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CHOMSKY’S POLITICAL VIEWS

Chomsky occupies a secure place in intellectual history for his contributions to


linguistic analysis. Indeed, just as there is pre- and post-Einstein physics. There is also a pre-
and post-Chomsky linguistics.

During the Vietnam War, Chomsky’s political protests consumed as much of his
attention as his research into linguistics. He traveled to Southeast Asia and reported on the
cruel acts and lies of the US government and the press involved. His passionate defense of
the victims led him to issue sweeping accusations against his country’s foreign policies all
around the world. He argued the two super powers needed each other as a means of
disguising their real reasons for the arms race. The Soviets suppressed internal resistance
by keeping people fearful of the United States, while the US used fear of the Soviets to
justify building up the necessary means to repress and exploit Third World societies.
Although he criticized both sides, he leveled his most biting attacks against his own
country.

In 1970s and ‘80s, Chomsky focused on US misdeeds in Central America and


especially in the Middle East. His analysis of the Gulf War was probably the clearest among
the many critical observers of American policies. He has consistently defended the
Palestinians against the human rights violations imposed by the Israeli government-abuses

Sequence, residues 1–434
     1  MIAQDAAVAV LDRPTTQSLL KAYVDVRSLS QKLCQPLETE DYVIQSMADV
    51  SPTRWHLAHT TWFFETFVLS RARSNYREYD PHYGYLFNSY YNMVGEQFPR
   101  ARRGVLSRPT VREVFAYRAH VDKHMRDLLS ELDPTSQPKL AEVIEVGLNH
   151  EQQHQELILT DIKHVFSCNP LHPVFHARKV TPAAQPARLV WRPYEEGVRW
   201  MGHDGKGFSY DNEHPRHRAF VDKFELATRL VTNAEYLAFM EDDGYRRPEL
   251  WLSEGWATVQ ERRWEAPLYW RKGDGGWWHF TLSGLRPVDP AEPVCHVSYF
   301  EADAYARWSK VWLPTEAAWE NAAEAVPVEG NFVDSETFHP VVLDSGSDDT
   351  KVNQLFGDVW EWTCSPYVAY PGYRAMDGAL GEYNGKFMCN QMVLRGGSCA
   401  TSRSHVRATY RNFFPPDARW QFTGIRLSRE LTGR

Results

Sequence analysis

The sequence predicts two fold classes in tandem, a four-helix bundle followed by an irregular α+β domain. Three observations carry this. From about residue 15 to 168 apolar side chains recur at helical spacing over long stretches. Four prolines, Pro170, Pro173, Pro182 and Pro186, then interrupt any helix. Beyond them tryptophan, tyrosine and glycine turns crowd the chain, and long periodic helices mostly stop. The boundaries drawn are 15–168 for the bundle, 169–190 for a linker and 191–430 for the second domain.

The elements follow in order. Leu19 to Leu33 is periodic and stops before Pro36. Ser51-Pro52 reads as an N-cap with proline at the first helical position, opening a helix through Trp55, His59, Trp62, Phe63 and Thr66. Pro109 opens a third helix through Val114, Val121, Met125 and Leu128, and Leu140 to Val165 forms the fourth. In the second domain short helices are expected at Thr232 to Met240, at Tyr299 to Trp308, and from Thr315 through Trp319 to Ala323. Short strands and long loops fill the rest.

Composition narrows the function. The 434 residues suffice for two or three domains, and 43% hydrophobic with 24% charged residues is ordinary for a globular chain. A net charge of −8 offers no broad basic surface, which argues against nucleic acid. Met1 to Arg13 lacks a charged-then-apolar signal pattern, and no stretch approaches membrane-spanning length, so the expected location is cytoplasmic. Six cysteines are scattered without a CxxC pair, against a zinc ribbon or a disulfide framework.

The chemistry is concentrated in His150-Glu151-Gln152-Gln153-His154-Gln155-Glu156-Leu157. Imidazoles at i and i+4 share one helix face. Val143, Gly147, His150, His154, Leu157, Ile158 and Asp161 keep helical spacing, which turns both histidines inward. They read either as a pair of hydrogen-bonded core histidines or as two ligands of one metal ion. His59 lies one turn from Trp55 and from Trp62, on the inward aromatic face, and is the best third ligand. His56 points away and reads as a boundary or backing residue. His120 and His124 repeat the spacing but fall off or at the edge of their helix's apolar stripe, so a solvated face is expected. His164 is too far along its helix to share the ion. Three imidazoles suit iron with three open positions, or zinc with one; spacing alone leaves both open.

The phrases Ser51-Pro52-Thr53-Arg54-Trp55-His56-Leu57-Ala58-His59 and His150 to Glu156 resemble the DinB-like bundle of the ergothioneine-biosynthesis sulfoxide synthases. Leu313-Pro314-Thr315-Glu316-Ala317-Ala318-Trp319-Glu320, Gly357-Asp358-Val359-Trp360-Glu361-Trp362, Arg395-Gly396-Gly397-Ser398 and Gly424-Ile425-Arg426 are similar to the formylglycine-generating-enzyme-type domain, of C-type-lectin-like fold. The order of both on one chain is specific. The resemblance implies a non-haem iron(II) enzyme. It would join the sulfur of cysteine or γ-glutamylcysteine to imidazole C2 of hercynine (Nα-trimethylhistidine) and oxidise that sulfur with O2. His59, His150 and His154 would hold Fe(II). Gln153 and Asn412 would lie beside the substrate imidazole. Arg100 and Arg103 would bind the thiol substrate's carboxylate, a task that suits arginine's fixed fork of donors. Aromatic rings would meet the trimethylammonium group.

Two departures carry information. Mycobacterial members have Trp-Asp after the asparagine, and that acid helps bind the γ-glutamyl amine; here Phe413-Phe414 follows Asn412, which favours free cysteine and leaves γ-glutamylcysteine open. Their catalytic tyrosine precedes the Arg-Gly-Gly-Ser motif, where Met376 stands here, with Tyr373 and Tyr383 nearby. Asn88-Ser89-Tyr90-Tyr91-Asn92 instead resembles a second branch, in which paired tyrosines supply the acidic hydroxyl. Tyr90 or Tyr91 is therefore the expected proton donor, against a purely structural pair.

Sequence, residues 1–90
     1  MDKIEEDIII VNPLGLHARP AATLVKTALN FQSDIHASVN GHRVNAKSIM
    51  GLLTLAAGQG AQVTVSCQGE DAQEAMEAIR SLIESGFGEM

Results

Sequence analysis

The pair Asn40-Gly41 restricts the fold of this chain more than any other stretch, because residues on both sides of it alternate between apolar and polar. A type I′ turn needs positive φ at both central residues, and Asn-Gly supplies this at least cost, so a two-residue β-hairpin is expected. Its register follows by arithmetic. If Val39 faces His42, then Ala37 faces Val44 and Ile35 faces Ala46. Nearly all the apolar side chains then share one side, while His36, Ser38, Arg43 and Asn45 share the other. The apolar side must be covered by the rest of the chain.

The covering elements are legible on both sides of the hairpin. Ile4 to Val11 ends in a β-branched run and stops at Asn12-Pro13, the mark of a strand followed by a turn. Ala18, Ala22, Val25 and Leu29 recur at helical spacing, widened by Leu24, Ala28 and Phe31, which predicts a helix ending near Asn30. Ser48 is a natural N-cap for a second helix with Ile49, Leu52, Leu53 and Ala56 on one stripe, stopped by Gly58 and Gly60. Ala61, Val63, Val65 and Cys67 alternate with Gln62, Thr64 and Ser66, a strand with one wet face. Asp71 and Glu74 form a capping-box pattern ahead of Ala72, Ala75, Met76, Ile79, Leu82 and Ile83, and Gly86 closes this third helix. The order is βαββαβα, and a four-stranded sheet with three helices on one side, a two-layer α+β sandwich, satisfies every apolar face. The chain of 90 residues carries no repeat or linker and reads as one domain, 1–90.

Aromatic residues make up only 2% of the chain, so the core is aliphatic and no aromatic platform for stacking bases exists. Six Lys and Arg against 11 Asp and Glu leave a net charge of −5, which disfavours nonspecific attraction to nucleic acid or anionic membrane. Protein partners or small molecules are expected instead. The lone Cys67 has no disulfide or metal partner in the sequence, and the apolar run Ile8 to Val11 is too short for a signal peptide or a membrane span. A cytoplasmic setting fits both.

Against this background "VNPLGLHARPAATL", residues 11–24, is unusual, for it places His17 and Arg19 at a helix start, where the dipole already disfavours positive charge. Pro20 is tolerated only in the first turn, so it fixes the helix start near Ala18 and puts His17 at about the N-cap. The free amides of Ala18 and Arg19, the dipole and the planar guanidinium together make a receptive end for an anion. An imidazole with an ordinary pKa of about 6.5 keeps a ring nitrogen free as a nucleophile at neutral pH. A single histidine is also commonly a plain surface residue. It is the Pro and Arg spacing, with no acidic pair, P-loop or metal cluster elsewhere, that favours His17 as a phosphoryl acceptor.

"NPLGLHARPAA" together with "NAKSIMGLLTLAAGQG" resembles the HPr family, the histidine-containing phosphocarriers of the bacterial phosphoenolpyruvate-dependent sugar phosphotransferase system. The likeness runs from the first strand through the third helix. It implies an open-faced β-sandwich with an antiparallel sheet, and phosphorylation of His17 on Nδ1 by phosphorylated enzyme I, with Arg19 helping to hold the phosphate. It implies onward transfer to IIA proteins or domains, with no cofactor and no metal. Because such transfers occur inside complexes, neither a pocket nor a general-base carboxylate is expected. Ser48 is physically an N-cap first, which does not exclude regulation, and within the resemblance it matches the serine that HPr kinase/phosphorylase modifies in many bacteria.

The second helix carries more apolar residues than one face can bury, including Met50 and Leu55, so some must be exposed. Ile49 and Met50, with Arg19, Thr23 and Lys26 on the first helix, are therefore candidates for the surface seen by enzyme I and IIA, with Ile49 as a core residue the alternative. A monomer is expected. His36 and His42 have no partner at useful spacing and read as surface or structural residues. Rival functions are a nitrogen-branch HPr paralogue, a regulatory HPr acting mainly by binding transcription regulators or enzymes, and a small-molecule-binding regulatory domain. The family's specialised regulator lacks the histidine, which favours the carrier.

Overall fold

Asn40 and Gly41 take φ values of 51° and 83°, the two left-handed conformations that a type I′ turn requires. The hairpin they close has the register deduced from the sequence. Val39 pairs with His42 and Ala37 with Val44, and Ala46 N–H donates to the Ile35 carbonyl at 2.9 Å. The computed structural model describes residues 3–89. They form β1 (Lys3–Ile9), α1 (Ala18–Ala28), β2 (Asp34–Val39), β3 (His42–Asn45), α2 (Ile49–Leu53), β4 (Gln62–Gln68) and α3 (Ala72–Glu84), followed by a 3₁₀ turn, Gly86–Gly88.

that Chomsky says would have stopped long ago if the US had not overlooked them.

Chomsky traced the history of American policies, by suggesting that the US had
long hoped to extend the Monroe Doctrine1 to the Middle East, which it recognized as the
“most strategically important area in the world-a big source of strategic power and one of
the greatest imperial prizes in world history.”

The British had controlled the region through a three tier system, and the Americans
adopted their system. They left the oil under the management of dependent local family
dictatorships, who did what they were told. They ensured that the profits flowed primarily
to the US and Britain, who determined the appropriate price range.

Chomsky said that the Arab aspect is weak. That means that they have to be protected
from a regional enemy, namely the regional population, which is ‘backward’ and
‘uncivilized’ and does not comprehend why the richest economic prize in the world must
benefit the western investors. Accordingly, it is necessary to establish a second level of
control-what the Nixon administration called ‘local cops on the beat’. That was Iran under
the Shah, Turkey, Pakistan and Israel.

U.S. foreign policy statement: the political principle, as stated by President James Monroe in 1823, that Europe
should no longer involve itself in the American continent by exerting influence.
The policy was part of the U.S. recognition of the independence of several Latin American countries.

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1
And the third level of control was the US, and British muscle in the background, if needed.
American dominance in the region was guarded by two local ‘cops on the beat’-Israel on